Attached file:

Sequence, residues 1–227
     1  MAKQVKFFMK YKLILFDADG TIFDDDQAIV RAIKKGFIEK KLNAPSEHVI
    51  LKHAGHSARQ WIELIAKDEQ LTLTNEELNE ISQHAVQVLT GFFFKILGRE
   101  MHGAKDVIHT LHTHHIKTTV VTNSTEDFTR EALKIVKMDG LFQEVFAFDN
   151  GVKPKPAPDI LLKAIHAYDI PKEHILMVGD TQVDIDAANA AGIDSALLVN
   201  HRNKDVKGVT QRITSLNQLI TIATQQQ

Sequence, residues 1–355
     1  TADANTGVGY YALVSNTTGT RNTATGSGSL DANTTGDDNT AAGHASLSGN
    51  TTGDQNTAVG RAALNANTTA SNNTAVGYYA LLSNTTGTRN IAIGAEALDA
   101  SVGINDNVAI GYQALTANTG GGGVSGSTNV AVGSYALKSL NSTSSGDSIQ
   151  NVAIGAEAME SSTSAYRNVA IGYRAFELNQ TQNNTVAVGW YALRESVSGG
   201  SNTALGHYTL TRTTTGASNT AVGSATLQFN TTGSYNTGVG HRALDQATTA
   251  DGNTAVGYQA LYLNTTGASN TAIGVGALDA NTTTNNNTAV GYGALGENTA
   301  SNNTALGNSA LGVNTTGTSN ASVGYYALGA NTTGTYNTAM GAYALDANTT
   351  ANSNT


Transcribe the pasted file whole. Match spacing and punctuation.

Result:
Sequence, residues 1–227
     1  MAKQVKFFMK YKLILFDADG TIFDDDQAIV RAIKKGFIEK KLNAPSEHVI
    51  LKHAGHSARQ WIELIAKDEQ LTLTNEELNE ISQHAVQVLT GFFFKILGRE
   101  MHGAKDVIHT LHTHHIKTTV VTNSTEDFTR EALKIVKMDG LFQEVFAFDN
   151  GVKPKPAPDI LLKAIHAYDI PKEHILMVGD TQVDIDAANA AGIDSALLVN
   201  HRNKDVKGVT QRITSLNQLI TIATQQQ

Sequence, residues 1–355
     1  TADANTGVGY YALVSNTTGT RNTATGSGSL DANTTGDDNT AAGHASLSGN
    51  TTGDQNTAVG RAALNANTTA SNNTAVGYYA LLSNTTGTRN IAIGAEALDA
   101  SVGINDNVAI GYQALTANTG GGGVSGSTNV AVGSYALKSL NSTSSGDSIQ
   151  NVAIGAEAME SSTSAYRNVA IGYRAFELNQ TQNNTVAVGW YALRESVSGG
   201  SNTALGHYTL TRTTTGASNT AVGSATLQFN TTGSYNTGVG HRALDQATTA
   251  DGNTAVGYQA LYLNTTGASN TAIGVGALDA NTTTNNNTAV GYGALGENTA
   301  SNNTALGNSA LGVNTTGTSN ASVGYYALGA NTTGTYNTAM GAYALDANTT
   351  ANSNT